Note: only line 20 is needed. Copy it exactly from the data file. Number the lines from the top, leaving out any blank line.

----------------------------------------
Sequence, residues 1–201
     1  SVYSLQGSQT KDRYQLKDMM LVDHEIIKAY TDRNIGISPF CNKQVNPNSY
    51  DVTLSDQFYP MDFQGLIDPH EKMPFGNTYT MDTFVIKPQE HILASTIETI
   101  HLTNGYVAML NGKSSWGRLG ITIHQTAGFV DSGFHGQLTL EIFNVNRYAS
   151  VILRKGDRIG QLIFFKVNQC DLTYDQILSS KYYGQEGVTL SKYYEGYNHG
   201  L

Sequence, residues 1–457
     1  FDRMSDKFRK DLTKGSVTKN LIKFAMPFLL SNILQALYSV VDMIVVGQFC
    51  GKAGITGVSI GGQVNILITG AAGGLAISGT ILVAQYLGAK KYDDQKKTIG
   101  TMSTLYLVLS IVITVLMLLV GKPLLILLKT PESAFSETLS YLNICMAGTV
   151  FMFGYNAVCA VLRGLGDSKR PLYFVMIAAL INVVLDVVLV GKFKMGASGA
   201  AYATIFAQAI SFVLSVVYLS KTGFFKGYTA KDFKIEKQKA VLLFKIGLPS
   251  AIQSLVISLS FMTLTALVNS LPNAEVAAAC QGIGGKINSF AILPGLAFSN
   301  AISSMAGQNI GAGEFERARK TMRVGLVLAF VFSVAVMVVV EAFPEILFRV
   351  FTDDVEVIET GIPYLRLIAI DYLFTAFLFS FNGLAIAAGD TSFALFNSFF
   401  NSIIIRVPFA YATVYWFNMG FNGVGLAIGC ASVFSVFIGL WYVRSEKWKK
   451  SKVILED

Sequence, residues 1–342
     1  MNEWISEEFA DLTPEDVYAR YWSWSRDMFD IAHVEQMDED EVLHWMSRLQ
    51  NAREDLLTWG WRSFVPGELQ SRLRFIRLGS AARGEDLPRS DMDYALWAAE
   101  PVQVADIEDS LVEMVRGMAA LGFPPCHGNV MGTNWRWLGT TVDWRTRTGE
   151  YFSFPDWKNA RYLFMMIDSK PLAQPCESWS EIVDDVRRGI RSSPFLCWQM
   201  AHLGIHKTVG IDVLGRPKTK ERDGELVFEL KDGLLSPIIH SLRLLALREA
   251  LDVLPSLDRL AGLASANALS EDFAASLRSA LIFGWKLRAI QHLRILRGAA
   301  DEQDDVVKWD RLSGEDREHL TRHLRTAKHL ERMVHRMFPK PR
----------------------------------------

    51  NAREDLLTWG WRSFVPGELQ SRLRFIRLGS AARGEDLPRS DMDYALWAAE